Using these optimizations, the worst-case performance of the pagination algorithm is bounded by O(n3) when the number of pages is unknown and O(k n2), when a number k of pages is defined, where n is the size of the input sequence. The cost for memoizing template choices depends on the number of templates and the methods for allocating elements to placeholders, described in Sect. 5.2. In the worst case its asymptotic bound is O(|T| n!), where |T| is the number of available templates. This is due to the allocation method for pictures, which requires a search for every possible ordering to find the best match in pictures’ aspect ratios. If reordering is not allowed, the bound drops to O(|T| n2). In practice, however, this cost is low because templates are checked for matching before attempting allocation and usually they contain just a few placeholders.
Although the performance degradation in the optimal algorithm can be severe when processing very large sequences of content, we found that the algorithm performs well on typical input sizes. For instance, a magazine comprised of 250 elements (20 % pictures and 80 % text) matched against 500 templates was generated in under a minute, running on an Intel® Core™ 2 Duo 1.86 GHz machine with 2 GB of memory. On the other hand, increasing the number of available templates does not seem to impair performance quickly, according to Fig. 16(b).
7.3 Camera-ready results
Though no user studies were performed in this paper for qualitative assessment, camera-ready PDF files produced by the workflow from this paper are presented below. The documents are a proof-of-concept for the pagination and mapping algorithms, and no further attempts are made to enhance the templates with features such as visual styles, fixed elements on a page, page imposition, and others. Therefore, pages contain only the variable content that has been mapped to them. However, a visual comparison with a real-world example is still useful as it provides basis for future enhancements.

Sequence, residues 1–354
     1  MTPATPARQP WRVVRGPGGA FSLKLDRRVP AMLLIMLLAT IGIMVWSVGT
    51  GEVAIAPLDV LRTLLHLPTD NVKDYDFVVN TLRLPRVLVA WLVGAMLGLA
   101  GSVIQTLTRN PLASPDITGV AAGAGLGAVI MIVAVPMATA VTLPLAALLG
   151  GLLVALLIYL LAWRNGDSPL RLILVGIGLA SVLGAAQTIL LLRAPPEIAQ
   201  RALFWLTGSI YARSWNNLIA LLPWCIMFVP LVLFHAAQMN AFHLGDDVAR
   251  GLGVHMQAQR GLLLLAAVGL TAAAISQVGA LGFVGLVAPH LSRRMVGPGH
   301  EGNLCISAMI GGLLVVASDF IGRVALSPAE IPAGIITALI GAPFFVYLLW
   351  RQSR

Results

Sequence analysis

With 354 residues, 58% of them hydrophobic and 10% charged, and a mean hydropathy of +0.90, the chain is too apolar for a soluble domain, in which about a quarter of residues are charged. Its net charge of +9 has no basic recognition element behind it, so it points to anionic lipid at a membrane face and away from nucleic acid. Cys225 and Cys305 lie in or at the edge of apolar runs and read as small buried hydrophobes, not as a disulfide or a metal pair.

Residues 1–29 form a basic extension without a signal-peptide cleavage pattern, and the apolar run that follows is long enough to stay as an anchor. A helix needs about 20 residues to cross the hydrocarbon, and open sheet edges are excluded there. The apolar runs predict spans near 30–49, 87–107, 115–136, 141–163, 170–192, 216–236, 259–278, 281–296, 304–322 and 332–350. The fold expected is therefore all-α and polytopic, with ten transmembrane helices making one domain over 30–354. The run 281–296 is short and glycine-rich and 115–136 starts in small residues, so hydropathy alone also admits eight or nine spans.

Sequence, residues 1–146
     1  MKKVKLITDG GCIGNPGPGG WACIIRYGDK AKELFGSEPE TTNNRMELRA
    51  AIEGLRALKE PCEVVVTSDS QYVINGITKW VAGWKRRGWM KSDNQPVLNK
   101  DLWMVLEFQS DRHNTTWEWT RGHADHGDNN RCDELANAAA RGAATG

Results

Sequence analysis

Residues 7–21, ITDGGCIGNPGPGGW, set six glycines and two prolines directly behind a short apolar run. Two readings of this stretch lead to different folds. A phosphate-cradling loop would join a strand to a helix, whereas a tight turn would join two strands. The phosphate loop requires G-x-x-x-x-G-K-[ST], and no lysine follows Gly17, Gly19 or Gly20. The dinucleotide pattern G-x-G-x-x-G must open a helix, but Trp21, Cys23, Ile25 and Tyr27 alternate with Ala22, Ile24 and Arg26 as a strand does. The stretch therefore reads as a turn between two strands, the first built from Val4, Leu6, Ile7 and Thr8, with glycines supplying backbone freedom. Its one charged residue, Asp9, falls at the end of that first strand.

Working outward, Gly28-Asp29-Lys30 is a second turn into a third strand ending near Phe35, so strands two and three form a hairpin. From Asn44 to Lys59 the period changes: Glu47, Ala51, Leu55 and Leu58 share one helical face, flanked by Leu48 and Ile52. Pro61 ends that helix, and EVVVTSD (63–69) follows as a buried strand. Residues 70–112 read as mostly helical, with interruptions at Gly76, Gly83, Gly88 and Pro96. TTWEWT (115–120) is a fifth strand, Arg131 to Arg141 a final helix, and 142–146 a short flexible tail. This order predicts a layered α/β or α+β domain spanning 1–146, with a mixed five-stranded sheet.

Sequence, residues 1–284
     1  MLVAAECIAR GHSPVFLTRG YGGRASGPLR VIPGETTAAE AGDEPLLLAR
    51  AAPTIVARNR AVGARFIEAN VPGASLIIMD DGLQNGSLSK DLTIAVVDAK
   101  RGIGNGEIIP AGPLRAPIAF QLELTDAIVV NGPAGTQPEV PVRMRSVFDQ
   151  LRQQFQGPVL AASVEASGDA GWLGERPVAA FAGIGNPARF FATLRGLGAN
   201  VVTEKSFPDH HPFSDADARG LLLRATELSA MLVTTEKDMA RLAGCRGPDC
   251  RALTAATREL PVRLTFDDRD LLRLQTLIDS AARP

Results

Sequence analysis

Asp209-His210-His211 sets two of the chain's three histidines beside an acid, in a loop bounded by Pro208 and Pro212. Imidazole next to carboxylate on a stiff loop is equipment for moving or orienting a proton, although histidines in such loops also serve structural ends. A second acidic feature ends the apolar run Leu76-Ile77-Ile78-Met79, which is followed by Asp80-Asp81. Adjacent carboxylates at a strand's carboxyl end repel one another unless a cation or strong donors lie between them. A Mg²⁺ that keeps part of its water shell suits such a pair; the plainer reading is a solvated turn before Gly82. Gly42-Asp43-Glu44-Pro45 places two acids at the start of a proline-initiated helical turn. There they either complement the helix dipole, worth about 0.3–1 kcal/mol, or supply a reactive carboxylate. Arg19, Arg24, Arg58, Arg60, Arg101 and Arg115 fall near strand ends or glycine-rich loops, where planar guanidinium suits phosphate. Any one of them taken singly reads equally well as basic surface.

Templates used in this test were not created by graphic designers, but were generated automatically using different configurations of a set of boxes of fixed geometry. Approximately 300 different templates were generated using this method.
It is important to mention that the templates were not generated with aesthetic concerns in mind (i.e. no attempts were made to produce aligned or well distributed containers), but rather to demonstrate how the pagination algorithm produces balanced distribution of content among pages.
7.3.1 A real-world magazine
7.3.2 First-fit comparison
The first-fit algorithm generated 40 pages, and only the first 20 are shown in Fig. 19. This was almost twice the number than generated by the optimal method, due to the regions left empty by the first-fit method. As it can be seen, this can impair both document readability and aesthetics.
As discussed in Sect. 7.1, due to the poor set of choices from the first-fit method, some placeholders could not be filled and little content has remained in the last page, as this method is unable to attempt a more balanced division of content to pages.